Director and actor Satish Kaushik said, "I miss the days when there was one awards function, the Filmfare Awards, and the whole industry used to wait for it.”

What many viewers may not realise is that the reason there are so many awards shows is that they are big business. “They are a kind of reality television," said lyricist and advertising guru Prasoon Joshi. "They’re designed to entertain viewers. Awards functions are like consumer products. If we come to terms with this, it is easy to comprehend the presence of so many awards brands functioning within the awards space. As long as we recognize today’s average awards function as a consumer item, we are fine. ... However I feel National awards are a little different as they are not marketing tools.”

But as actor Sonu Sood pointed out, “It’s not only the film industry, but the people outside who are confused. Yeh kya ho raha hai? For most people, these are not awards functions at all but television programmes where actors and actresses dance the night away.”

Top actors and actresses apparently charge anything from Rs 75 lakhs to Rs3 crores to perform at awards functions. In addition, most insist on getting an award before dancing. Although some actors do dance at awards shows, it's usually actresses who take to the stage at these events.

“One is embarrassed and ashamed to see the film fraternity propagating and celebrating gender bias in a big way," said Rakeysh Omprakash Mehra. "We have awards functions where this bias is turned into television entertainment. Tragically, our own iconic actresses choose to act out the bias. It’s girl power working against girl power. Why do they do it? Is it desperation for food? Are they abla naaris, desperate for do waqt ki roti, dancing to make ends meet? No! It’s not poverty. It’s just lust for instant fame and money. It’s all about easy bucks, easy fame. This is not art. It’s commerce at its most immoral. Every business has its ethics. The practice of dancing for big bucks is unethical.”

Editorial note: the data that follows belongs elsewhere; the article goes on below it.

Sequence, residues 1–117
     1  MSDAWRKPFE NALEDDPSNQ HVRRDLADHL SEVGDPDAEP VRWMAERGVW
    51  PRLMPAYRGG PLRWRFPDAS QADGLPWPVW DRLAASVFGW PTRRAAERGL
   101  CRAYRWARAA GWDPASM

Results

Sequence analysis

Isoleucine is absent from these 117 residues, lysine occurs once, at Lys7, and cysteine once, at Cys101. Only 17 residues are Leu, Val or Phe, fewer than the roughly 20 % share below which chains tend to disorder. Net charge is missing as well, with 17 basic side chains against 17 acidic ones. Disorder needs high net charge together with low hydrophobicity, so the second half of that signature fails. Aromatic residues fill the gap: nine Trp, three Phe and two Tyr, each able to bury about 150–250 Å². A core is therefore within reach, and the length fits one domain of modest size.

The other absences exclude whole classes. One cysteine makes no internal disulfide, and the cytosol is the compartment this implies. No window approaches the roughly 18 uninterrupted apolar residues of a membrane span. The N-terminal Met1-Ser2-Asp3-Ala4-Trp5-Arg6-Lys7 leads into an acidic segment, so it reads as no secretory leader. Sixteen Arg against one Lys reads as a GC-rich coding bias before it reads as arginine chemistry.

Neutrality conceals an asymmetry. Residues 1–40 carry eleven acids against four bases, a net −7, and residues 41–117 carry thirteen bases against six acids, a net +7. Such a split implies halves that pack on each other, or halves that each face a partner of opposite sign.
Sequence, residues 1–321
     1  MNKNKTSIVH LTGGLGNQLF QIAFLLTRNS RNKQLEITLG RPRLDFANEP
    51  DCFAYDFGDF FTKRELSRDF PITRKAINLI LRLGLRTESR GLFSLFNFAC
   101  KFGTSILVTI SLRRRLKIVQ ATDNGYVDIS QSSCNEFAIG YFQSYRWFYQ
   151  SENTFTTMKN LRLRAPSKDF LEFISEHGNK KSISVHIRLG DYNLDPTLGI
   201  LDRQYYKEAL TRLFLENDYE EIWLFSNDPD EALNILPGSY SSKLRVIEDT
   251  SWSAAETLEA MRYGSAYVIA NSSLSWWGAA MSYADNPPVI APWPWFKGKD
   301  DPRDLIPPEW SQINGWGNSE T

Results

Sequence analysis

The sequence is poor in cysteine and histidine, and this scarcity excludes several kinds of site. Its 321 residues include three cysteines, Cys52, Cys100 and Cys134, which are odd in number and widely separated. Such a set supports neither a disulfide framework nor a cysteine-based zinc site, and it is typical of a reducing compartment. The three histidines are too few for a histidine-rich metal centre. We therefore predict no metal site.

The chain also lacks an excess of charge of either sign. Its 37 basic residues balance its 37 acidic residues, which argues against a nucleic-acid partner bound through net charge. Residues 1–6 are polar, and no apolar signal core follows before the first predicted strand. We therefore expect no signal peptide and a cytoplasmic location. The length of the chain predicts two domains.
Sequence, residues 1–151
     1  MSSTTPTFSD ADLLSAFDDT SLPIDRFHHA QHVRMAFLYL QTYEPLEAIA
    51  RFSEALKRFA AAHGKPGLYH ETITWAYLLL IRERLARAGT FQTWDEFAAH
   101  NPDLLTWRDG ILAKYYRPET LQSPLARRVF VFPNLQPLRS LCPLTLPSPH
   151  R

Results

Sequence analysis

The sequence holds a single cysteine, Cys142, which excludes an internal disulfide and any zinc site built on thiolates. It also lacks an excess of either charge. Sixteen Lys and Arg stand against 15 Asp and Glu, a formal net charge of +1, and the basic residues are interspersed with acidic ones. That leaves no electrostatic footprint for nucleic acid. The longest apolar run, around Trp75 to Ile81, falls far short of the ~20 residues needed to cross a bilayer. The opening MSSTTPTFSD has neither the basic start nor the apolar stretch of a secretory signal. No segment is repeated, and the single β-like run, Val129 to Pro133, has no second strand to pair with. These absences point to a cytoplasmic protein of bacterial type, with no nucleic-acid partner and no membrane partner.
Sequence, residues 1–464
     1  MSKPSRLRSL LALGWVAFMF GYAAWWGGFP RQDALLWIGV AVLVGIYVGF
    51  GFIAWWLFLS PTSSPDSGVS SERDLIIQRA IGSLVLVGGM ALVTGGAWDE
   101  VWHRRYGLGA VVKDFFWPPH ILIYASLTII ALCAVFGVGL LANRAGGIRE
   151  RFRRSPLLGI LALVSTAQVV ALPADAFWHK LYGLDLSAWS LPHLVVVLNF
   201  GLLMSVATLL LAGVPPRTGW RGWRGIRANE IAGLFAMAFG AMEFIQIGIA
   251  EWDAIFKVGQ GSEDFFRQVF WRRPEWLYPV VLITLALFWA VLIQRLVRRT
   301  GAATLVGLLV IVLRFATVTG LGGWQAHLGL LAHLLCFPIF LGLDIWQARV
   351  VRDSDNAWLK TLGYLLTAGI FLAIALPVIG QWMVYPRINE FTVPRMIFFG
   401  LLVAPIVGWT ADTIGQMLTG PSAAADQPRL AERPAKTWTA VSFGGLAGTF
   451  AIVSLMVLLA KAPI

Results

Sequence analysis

The lack of ethics isn't limited to the live entertainment at the awards shows. Paresh Rawal said angrily, “The popular awards are worthless and useless. They are big marketing events with no substance. A glaring omission was my film Oh My God, which didn’t get any nominations in the popular awards and there’re innumerable such sins of omission. Awards are as useless as a tail on a teddy bear.”

Shailendra Singh of Percept Pictures summed up awards as "a buffet". "You eat everything," he said. "But you don’t respect or enjoy anything.”

Actress Soni Razdan is among the few who isn't entirely pessimistic about the state of film awards in India. “This year, with the new dynamic crop of script-strong films garnering maximum awards, perhaps this (loss of credibility) is changing after all! At least I’d like to think so,” she said. Director Sudhir Mishra also felt that this year’s awards reflected excellence. “I think this year’s popular awards emphasized quality and excellence," he said. "By giving awards to films like Paan Singh Tomar and Kahaani and applauding Ranbir Kapoor’s performance in Barfi, the awards redeemed themselves.”

However, Razdan and Mishra seem to be in the minority. For most in Bollywood, the attitude to awards shows is summed up by director Prakash Jha:"Jiss gaon jaana hi nahin, usska raasta kya poochna?" (Why ask directions to the place that you don't want to visit?"

Updated Date: Aug 14, 2014 12:00 PM